Travelling fairs hold a special place in English history and traditions. Once or twice a year local towns and villages are overwhelmed with a cacophony of sounds, sights and smells, bringing magic and excitement into peoples' lives before, all too quickly, moving on. The transient nature of travelling fairs is part of their magic, and an integral part of that magic is the transport that carries the people and the rides. More than just vehicles however, fairground transport is often an integral part of the show, acting as homes for the showmen, a way of generating power and even converting into parts of the rides themselves. In short, they are part of the way of life.
This book looks at the history of the travelling fair through its transport, beginning with how it has evolved from what a performer could carry on their back and simple horse-drawn caravans, through to steam-powered traction engines and war surplus petrol and electric vehicles, finally bringing the story up to date with today's mega lorries and cranes.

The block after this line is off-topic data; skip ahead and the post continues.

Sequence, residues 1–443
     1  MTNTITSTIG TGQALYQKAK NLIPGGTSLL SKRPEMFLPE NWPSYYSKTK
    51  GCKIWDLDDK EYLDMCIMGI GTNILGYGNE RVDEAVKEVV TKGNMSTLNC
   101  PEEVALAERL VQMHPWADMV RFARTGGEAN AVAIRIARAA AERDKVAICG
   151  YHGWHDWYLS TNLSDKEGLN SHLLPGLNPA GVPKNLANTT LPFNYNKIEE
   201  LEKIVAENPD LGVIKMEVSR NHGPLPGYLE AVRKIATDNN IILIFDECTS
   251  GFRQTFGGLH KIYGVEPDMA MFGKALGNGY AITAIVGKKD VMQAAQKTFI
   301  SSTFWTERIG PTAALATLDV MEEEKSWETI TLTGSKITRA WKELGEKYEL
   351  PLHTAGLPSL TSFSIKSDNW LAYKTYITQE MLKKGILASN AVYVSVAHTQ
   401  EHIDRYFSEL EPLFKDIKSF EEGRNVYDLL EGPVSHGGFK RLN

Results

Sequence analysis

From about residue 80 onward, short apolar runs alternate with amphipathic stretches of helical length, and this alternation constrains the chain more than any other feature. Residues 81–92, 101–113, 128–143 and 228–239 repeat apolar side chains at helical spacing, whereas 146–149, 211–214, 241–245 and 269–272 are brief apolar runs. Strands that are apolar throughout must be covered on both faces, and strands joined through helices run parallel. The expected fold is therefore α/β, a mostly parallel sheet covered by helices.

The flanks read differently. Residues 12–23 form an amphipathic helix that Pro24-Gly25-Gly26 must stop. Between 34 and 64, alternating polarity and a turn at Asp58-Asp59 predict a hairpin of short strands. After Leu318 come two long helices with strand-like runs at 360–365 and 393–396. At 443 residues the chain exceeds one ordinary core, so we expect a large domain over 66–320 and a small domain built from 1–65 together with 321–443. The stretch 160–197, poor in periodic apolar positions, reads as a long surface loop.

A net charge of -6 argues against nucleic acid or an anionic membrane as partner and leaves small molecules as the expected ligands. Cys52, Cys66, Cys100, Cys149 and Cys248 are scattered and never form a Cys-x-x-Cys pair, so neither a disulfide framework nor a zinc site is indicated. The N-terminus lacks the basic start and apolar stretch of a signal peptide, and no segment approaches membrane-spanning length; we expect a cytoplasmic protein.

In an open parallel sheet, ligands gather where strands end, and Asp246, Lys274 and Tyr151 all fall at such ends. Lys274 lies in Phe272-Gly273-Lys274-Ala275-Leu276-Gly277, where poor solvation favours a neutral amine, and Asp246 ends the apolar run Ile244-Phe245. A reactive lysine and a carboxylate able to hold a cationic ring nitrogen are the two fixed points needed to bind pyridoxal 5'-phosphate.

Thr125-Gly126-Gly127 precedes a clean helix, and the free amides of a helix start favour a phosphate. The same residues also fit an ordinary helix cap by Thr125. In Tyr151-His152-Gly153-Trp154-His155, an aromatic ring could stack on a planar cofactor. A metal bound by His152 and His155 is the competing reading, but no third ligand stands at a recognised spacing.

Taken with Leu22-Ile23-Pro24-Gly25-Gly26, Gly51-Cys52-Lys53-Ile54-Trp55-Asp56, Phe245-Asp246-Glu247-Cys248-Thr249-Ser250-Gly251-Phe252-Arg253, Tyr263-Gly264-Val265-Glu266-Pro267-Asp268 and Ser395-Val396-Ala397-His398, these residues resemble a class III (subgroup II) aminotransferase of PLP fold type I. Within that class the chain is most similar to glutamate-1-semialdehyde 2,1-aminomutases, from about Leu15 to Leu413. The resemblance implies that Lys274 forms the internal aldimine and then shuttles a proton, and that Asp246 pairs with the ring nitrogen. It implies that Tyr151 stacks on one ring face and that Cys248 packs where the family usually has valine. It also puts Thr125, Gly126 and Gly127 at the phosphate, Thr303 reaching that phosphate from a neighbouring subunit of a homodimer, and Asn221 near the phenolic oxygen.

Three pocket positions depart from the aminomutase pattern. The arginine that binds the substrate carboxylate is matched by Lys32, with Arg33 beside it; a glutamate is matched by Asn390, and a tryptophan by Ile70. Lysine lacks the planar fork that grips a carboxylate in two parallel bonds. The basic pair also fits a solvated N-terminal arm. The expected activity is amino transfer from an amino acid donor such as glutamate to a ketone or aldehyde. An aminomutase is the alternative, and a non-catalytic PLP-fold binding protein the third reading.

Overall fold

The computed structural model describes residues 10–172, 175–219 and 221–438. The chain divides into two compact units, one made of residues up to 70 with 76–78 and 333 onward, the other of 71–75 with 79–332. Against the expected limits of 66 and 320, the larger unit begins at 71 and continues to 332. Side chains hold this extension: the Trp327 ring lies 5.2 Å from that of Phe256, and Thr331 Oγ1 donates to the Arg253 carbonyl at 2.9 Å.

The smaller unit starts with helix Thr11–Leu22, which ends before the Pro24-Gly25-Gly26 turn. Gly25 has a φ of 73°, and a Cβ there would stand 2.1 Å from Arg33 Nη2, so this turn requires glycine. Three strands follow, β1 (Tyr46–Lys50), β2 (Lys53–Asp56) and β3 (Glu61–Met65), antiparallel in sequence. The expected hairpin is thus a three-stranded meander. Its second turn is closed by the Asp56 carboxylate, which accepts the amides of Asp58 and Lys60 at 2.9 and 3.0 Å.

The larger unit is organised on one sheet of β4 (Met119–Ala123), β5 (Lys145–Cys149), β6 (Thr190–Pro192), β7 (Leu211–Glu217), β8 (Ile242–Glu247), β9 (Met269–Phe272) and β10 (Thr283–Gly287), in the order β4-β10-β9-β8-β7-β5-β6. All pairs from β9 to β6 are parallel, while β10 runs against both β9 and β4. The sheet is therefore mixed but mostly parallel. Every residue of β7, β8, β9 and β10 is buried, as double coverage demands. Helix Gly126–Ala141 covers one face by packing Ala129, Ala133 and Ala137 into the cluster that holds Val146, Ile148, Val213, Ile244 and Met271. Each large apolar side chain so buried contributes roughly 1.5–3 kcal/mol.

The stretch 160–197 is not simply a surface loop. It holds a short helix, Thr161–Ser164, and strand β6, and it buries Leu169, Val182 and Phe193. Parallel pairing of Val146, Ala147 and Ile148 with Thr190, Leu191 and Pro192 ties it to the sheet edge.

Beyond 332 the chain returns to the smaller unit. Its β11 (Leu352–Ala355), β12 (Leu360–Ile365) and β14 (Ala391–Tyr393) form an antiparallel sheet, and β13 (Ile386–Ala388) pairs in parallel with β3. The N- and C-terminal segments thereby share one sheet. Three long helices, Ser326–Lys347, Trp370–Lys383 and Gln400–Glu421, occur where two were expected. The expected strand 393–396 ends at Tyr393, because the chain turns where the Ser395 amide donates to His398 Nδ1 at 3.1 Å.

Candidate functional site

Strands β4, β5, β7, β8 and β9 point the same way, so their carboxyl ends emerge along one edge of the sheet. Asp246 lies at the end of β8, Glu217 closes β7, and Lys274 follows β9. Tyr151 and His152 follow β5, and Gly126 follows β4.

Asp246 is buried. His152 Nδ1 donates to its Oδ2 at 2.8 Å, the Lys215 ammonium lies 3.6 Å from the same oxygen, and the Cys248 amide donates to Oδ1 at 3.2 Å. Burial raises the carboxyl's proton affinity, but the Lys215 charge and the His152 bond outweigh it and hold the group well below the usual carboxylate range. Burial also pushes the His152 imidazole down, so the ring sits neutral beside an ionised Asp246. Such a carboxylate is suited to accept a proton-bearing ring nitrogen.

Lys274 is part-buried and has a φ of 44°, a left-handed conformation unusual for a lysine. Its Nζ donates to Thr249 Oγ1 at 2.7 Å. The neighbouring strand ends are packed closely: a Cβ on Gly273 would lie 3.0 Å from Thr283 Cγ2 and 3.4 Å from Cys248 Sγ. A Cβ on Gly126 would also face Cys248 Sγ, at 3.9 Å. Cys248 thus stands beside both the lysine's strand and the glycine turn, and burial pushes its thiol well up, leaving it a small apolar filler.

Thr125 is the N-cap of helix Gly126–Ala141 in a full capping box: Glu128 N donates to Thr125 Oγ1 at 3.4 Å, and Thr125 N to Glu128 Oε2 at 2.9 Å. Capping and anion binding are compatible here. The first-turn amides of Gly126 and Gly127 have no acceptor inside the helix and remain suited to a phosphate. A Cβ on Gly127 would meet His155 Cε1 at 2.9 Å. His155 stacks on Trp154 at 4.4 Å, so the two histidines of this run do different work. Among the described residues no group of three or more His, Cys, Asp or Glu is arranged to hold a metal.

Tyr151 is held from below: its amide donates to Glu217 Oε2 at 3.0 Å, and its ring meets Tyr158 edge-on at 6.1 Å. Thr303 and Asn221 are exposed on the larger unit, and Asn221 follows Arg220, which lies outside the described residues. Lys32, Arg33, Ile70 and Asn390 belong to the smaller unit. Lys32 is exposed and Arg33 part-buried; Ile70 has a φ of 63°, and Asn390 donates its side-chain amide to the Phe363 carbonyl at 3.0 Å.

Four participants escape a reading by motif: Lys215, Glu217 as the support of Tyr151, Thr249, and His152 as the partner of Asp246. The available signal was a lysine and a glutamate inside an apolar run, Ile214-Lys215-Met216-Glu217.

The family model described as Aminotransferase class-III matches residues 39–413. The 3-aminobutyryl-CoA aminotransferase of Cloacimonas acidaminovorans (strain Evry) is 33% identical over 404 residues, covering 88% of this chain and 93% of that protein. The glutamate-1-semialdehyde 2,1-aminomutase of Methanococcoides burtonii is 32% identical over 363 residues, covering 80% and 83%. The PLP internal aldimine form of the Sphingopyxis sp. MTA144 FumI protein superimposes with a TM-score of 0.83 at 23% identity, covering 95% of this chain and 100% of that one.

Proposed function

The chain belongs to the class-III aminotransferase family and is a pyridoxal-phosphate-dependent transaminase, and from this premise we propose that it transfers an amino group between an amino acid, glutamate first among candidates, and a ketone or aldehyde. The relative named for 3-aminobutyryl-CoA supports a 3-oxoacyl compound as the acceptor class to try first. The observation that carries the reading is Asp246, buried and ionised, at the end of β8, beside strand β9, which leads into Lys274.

Allan Ford is active in a number of fairground and showman-related areas and is perhaps best known for reviving the Wall of Death in the UK, having single-handedly rescued the Wall from obscurity in the UK in the 1980s. He been a travelling showman for most of his life and still travels the country cataloging and photographing the showman's way of life. With Nick, he has written on the canals and Wall of Death, and is much in demand as a public speaker on these subjects and on fairgrounds. Nick Corble has written extensively on the history of Britain's canals. He usually focuses on an aspect of our heritage and how it still reflects in how we live today. Subjects have included the canal network and the fairground attraction the Wall of Death, with his work also featuring in a number of regional and national publications. He has also written books on rambling and walking, making him the ideal person to write an all-encompassing guide to Britain's canals.